The movie’s references are a bit scattershot and unfocused. Early on, they have as much to do with slasher movies and with weird ’70s horror flicks like The Omen and The Wicker Man than anything else. Toward the end, though, it becomes a straight-up cop-movie shoot-’em-up, and it’s a pretty good one! Thanks to constant Bad Boys II references, it’s clear that Wright is especially interested in the Michael Bay ultra-exaggerated style, and he starts to use some of the same tricks that Bay loves. But I’d argue that Wright is actually a better action director, though that’s not really saying that much: He uses the frantic cutting that guys like Bay love, but you can still mostly tell what’s happening in his scenes. That’s more than you can say of any of the movies the characters in this movie idolize.

And Pegg throws himself into the supercop role impressively. He was playing hard against type, having built a career playing stammering and lovable fuckups. But even if we need an opening montage to tell us that he’s a badass, he occupies that space with panache: He squares his shoulders and glowers and looms. And when the movie eventually calls for him to shoot two guns while flying through the air, it doesn’t look believable, but it’s at least somewhat earned. Now that Pegg has shown up in actual action movies like Mission: Impossible - Ghost Protocol as the stammering-likable-fuckup comic relief, it’s striking to go back and watch the scenes here where he tries out his best action-movie poses. What would a Mission Impossible movie look like with Pegg in the lead? Could he do this for real if he wanted to? Well, no. Almost certainly not. But if Hot Fuzz is any indication, he’d come closer than you might expect.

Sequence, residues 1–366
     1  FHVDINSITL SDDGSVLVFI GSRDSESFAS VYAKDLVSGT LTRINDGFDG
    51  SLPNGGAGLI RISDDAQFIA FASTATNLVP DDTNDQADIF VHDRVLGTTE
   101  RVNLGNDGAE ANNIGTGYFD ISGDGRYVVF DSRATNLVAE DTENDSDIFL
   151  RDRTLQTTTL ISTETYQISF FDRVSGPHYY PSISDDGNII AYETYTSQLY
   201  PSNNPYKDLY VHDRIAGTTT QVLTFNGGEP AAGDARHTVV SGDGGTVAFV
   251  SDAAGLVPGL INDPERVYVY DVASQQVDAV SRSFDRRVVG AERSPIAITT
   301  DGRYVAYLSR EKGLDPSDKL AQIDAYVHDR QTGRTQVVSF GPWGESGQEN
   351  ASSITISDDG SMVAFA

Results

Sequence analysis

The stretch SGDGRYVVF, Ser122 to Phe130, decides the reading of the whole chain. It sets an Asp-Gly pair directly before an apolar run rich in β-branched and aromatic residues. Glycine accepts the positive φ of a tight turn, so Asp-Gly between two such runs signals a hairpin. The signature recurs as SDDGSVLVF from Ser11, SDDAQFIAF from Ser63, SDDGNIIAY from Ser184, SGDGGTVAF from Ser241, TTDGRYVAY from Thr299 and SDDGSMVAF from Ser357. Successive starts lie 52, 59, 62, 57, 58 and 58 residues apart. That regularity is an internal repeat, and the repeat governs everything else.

Hot Fuzz is a long goddamn way away from being a masterpiece in my opinion, even if our good friends at Kotaku might disagree. There’s a whole lot of structural cleverness in the script, but structural cleverness has never been enough to make a great movie. And as impressively staged as the action scenes might be, its constant references to other movies sometimes have the effect of reminding you of all the things those movies did better. Every time someone mentioned Point Break—and people in this movie mention Point Break all the fucking time—I found myself wishing I was watching Point Break instead. Still, this is a better comedy than most and a much better action movie than it had to be.